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September 2019

BDO survey: challenges facing a strong industry

09 Aug 2019, Industry Updates, News

Accounting and advisory firm BDO recently released its 2019 construction survey report, which revealed some of the challenges facing NZ’s growing building sector

After surveying 216 construction businesses, the report highlighted some positive trends on its forecast, with gross profit margins increasing and better adoption of retention regimes. However, respondents indicated concerns regarding cashflow, staffing, the rising cost of compliance, and the strength of the economy. 

Read more on the key findings below:

Threat of insolvency

The construction sector has been impacted by a few high-profile insolvencies, as well being let down by subcontractors who are ‘over-committed or unable to perform’, according to BDO. This has led to businesses making changes.

The most common response is that businesses are now being more selective of which clients or contractors they work with. Respondents have mainly taken action by:

  • Stronger client due diligence processes.
  • Tighter selection criteria when choosing contractors.
  • Fiercer contract negotiation and tendering.

Cash flow challenges

In its 2018 survey, only 4% of respondents said that delay in receiving payment from clients was an issue. The 2019 survey shows that this has increased significantly to 20%.

“Subcontractors may be reliant on one head contractor for a high percentage of their income, and therefore cash flow. If that head contractor becomes insolvent and/or has major cash flow issues, it can quickly lead to the insolvency of the subcontractor,” said BDO.

Cash resources have become a bigger challenge in 2019 as well, with only two thirds of respondents saying they make payments to suppliers and subcontractors within the contractual timeframes — down slightly from 2018.

There was also an increase in the number of respondents who rely on an overdraft facility to pay when due, and 16% said that juggling cash flow is a challenge.


The survey found an improvement in the number of respondents who say they fully comply with the retentions regime, compared to the year previous.

In 2018, only 72% of respondents who had retentions payable held these funds in trust, had an insurance policy, or used non-cash assets as security. This has increased to 93% in 2019, which BDO says demonstrates that the industry is better understanding this area of the Construction Contracts Amendment Act (CCAA) 2015 rules.

The percentage of respondents who did not want to answer whether they complied with the CCAA also dropped from 28% in 2018 to 7% in 2019.

Gross profit margins

Head contractors were asked “When competing for new projects, at what margin are you missing out on winning contracts?”. The median moved to 7% in 2019, up from the 5-6% last year. Most respondents missed out on projects on margins over 8%.

When comparing the residential and commercial sector, margins in the residential are, on average, better than commercial. BDO said this is likely due to the higher risk associated with each project.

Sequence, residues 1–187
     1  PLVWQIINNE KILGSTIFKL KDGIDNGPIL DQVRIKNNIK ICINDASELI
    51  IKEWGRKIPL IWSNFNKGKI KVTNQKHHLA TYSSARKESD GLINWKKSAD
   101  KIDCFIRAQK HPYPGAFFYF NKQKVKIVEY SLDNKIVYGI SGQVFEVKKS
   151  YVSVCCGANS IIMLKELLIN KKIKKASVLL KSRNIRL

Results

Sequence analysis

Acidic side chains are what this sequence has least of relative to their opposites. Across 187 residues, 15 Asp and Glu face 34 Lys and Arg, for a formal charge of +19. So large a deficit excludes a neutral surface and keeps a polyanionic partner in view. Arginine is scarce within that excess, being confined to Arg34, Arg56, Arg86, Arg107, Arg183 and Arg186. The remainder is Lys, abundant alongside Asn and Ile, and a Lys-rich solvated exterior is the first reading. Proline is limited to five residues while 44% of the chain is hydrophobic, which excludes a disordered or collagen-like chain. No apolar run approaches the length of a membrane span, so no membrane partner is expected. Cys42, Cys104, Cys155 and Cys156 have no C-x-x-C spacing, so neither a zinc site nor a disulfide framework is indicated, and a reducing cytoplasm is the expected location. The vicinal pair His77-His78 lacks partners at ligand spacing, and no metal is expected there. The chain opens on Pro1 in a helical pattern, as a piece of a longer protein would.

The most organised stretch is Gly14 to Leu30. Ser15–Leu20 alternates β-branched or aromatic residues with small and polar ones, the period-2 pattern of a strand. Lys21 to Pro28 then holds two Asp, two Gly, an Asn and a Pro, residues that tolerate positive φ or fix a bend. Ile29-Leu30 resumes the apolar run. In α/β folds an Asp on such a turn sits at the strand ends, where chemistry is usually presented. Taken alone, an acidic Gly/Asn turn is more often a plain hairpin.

Subcontractors were asked the same question regarding margins, which saw half missing out on projects with under 10% or between 10-19% margin. BDO said that while the percentage of respondents in these categories had reduced by 25% from last year, there were still too many subcontractors competing for projects at an “unsustainably low gross margin”.

Management reporting

Only 57% of respondents said they receive regular management reports that accurately measure profit, with the remaining 43% saying they are challenged by limited information regarding frequency and quality.

Those challenges were accurate measurement of stock, work in progress, income and advance or correct treatment of retentions.


When respondents were asked what their greatest concern was, 82% said it was the unavailability of skilled labour. Of those surveyed, 47% were actively looking for staff, a decrease from 69% the year previous.

The BDO report said that those who use recruitment agencies have less of a challenge in meeting the staffing needs, but most still prefer to avoid recruitment fees and rely on word of mouth or their own advertising for procurement.

Succession planning

When asked about succession planning, 48% of respondents said they still needed to consider successions or exit planning.

“Due to the relative ease in setting up a new business and the perceived low barriers to entry, it can be very difficult to sell an entity outright,” said BDO.

“A well-established succession plan helps alleviate the challenges [and] allows the departing owner to have more of a say and phase their exit on their own terms.”

Going forward

BDO construction specialist Nick Innes-Jones says there are mixed messages in relation to forward work.

“Industry forecasts suggest increasing activity, yet our analysis of the amount of forward work indicates that companies have fewer projects in the pipeline than a year ago. This varies by region, with the most significant decrease in the South Island,” said Nick.

BDO also said that bonding capacity will remain an issue and likely become more challenging and “continue to constrain those that lack real balance sheet strength”.

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